Slate on why long commutes are evil. Oddly, the study described doesn't seem to break out commutes that all or in part involve walking in assessing the health detriments associated with commuting. I walk 15-20 minutes to the train each way in the mornings, and while that may not make as much as a difference to overall health as other forms of exercise, I imagine it's worth something.
It also presents another wrinkle for Bryan Caplan's ""have more kids" project. It's obviously hard to raise a large family in a small apartment in the middle of the city without feeling severely cramped. So the projects of "become happier by having more kids" and "try to become happier by moving closer to one's place of work" are inevitably in tension. It's true that Caplan's advice may still be useful to people who have already chosen one place of abode; zero kids vs. one kid might make a real difference in happiness to the couple who has already opted for the small urban department, and the pair of commuters who have opted for the suburban McMansion might receive a significant boost in happiness from having a fourth child rather than sticking with three. Fair enough. But if your choices are, say, having one child and living close to work or having a second child and needing to move to a larger home that's more distant from work, then the marginal price of the second child might be unusually steep.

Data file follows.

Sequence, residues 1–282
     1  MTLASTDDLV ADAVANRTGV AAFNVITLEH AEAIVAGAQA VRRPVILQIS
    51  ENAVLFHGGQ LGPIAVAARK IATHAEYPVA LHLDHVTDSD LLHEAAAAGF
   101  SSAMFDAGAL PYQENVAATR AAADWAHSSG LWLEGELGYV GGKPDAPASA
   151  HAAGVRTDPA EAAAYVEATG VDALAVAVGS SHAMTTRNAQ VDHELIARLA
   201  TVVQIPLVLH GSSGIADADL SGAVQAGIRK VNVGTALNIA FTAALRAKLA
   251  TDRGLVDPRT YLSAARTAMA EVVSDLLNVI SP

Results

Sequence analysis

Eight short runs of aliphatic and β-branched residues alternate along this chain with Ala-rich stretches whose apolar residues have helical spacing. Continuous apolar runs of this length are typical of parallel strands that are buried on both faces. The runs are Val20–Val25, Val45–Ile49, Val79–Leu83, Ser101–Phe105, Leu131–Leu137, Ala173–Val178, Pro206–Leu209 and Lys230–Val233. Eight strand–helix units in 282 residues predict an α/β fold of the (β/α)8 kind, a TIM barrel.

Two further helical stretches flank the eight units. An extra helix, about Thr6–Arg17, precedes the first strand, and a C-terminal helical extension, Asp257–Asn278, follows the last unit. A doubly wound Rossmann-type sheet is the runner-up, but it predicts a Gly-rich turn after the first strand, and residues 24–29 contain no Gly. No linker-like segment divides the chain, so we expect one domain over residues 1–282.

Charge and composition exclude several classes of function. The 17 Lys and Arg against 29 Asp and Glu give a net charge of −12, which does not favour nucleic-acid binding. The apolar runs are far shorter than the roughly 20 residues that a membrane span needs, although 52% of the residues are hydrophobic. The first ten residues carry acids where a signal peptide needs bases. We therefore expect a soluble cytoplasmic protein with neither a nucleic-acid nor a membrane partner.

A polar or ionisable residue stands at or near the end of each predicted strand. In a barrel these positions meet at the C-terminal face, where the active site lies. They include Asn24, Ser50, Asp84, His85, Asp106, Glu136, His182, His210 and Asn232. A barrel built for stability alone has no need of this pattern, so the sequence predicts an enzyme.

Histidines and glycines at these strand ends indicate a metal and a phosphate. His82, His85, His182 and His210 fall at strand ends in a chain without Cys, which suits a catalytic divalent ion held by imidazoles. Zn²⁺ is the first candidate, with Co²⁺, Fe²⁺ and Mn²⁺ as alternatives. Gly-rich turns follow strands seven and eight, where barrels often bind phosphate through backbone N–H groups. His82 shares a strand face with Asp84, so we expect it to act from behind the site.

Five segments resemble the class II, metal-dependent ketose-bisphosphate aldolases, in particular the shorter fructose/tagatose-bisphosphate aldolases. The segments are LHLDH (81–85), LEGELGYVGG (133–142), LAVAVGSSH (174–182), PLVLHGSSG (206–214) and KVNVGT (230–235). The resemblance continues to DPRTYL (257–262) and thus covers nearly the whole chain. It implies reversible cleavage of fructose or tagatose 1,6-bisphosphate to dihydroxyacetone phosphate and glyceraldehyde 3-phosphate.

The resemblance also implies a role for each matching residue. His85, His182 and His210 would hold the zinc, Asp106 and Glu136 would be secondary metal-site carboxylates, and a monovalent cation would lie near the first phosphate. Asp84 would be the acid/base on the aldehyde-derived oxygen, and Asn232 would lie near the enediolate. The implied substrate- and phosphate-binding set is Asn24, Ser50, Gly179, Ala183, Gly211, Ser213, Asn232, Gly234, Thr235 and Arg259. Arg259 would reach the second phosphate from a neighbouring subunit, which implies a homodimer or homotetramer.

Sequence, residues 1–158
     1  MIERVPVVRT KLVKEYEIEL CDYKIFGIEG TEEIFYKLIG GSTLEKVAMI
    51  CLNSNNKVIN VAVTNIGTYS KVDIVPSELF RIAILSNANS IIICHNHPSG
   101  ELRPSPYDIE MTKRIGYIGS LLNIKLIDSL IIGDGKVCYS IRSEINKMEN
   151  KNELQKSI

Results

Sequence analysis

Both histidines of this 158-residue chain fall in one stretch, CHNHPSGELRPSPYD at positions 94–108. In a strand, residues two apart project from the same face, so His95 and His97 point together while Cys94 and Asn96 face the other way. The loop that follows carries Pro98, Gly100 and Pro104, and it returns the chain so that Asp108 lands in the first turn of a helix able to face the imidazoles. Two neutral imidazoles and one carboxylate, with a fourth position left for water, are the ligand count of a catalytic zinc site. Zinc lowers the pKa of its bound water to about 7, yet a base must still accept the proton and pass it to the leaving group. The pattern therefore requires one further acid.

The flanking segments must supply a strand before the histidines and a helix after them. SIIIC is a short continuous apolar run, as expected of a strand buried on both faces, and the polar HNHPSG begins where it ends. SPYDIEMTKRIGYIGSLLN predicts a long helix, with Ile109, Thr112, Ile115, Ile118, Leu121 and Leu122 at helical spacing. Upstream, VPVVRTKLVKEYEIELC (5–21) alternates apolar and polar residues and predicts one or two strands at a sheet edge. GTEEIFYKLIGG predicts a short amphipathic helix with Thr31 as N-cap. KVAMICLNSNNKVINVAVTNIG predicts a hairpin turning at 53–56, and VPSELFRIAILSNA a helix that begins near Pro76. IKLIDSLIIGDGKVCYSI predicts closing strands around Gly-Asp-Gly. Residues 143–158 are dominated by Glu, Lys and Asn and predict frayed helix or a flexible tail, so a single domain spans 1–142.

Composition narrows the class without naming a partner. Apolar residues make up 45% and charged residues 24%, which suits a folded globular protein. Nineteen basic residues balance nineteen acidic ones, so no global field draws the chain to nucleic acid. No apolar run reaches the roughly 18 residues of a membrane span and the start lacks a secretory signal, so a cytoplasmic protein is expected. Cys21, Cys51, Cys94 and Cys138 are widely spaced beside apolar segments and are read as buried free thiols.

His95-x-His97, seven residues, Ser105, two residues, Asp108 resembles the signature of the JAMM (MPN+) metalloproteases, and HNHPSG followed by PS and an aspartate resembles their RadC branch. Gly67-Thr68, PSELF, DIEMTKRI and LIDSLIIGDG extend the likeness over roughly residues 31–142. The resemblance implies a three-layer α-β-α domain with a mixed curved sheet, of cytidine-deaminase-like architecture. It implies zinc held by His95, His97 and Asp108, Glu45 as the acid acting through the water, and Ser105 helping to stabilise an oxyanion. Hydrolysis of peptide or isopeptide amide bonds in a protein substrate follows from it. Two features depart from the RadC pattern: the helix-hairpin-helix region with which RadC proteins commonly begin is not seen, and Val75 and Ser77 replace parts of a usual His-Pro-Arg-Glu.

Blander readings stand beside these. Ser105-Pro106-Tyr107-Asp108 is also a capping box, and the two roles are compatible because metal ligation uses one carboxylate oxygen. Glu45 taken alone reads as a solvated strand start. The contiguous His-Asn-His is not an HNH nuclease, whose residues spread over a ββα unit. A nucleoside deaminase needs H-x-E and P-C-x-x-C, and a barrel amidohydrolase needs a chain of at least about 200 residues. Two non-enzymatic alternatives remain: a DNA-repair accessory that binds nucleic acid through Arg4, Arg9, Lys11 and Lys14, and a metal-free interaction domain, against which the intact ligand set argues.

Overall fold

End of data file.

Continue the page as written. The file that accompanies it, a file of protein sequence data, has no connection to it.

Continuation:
No, Justice Anthony M. Kennedy Is Not Retiring Tomorrow
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